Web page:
Air Tightness? Check. Skylar’s Mt. Hood Passive House post

Hammer and Hand’s Sam Hagerman and Skylar Swinford recently headed to Mt. Hood with blower door in tow to perform a preliminary air-tightness test on Root Design Build’s “Shift House”. Here’s Skylar’s post:

Root’s Shift House is on track to achieve Passive House Certification, and we at Hammer and Hand were eager to help a fellow member of the Oregon Passive House community with air-tightness testing.

The moments prior to a building’s first blower door test can be surprisingly tense for a builder and designer, especially when the project is trying to meet the most stringent air-tightness requirements on the face of the earth. Luckily for the Root team, it was quickly evident that they had achieved exceptional levels of air-tightness. Our first blower door test yielded an air leakage rate of 0.57ACH50, besting the 0.6ACH required for PH Certification. While pleased with the results, the folks at Root clearly had higher expectations for their project.  The initial results left little room for error. After a quick inspection of the house, Milos’ father and Sam found a 3″ plumbing vent through the roof that had not been sealed prior to the first test (leaving a roughly 7 square-inch opening). Sealing just this one opening improved the overall air tightness of the house by nearly 10%, bringing the air-tightness levels down to an impressive 0.45ACH50 and granting some well-deserved breathing room to the Root team.  Congratulations to Root Design Build on a job well done.

Passive House testing

While the blower door was running we took the opportunity to inspect the building envelope for potential air leaks. Very few areas needed improvement; however, fog sticks helped track down some small holes that remained. Root redundantly sealed The connection between the windows and the building with multiple tapes and sealants, yet those areas proved to be the most challenging to get a consistently perfect seal, which just illustrates how tricky perfectly sealing the window frame to the building shell can be.

The project employed the use of Passive House-certified, Internorm German windows which were so large that the frames had to be shipped apart from the glazing and then glazing had to be installed on site.  Although the windows and doors performed admirably, on-site installation of glazing presented inherent, albeit easily-remedied, air leaks.

In related news, over the next couple of weeks Hammer and Hand will test and document a new installation technique appropriate for Passive House window and door installations using special expanding gaskets from Germany.  We hope this window and door installation methodology will transform installation in all types of construction.  The new system should install quickly with consistently high levels of performance while maintaining building envelope’s vapor permeability.  Stay tuned for results.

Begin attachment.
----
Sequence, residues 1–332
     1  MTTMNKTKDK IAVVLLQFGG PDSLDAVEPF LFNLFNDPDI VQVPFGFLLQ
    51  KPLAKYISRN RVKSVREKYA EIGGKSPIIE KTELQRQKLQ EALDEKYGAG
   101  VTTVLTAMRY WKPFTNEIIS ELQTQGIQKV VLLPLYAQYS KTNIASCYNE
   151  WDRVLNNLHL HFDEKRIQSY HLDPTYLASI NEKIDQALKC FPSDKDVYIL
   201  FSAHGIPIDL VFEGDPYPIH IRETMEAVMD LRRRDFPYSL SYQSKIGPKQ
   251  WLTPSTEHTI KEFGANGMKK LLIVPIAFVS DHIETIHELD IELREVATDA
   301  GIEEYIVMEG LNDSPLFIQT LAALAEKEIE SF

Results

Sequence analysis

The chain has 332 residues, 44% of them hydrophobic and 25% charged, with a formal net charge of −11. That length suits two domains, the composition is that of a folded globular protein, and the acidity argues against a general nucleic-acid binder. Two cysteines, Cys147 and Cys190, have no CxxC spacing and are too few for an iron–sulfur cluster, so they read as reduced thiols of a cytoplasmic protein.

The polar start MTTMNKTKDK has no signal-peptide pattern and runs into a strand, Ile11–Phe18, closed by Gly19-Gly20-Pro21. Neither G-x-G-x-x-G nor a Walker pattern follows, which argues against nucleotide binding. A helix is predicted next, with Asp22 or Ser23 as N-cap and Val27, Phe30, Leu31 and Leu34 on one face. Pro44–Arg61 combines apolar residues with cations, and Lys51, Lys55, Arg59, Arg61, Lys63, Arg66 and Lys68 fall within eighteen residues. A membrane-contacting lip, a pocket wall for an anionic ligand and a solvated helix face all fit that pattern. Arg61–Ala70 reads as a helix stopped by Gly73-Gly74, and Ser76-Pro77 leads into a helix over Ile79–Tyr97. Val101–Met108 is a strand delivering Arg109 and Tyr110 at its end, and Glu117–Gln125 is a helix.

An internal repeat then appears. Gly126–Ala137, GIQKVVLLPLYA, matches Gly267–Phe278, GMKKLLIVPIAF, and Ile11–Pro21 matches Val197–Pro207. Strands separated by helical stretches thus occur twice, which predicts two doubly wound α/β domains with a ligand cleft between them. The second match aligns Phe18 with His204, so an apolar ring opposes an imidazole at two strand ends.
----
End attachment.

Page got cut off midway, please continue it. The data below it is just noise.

Passive House Blower Door Basics:

Bjorn Nelson of Root posted a great description of how a blower door works on the Root Design Build Blog. I will elaborate a bit on how the air-tightness figures are calculated. The first step is to calculate the volume of the house. Typically blower door tests are based on “quick and dirty” volume calculations using the average ceiling height multiplied by exterior dimension. This method leads to overly optimistic air-tightness test results that cannot accurately be compared to those of a Passive House. The proper way to calculate volume for a Passive House air-tightness test is similar to the method used to calculate “Treated Floor Area”; however, it is vital that ALL air in the interior space is counted as 100%. This includes air in mechanical rooms, stair wells, storage areas, and conditioned attic spaces. The volume of interior walls and floors must be subtracted from total volume, even if they contain no sound insulation. Once the volume is calculated, a calibrated blower door is required to depressurize the house to -50 Pascals (a standard measure of pressure similar to psi or pounds per square inch) and measure the air leakage through the building envelope in cubic feet per minute (CFM). From these two figures, Air Change per Hour (ACH) at a pressure of -50Pa can be calculated (see formula below). Air changes per hour (ACH) is a measure of how many times all the air in a home will be completely replaced in an hour in natural conditions. In natural conditions, with no equipment running, no strong winds and no huge temperature differentials the natural differential in Pascals between inside and outside is -1Pa to -4Pa.  If a house has one air change per hour, it means that the current air in the house will be completely replaced by new air from the outside in a one-hour period.


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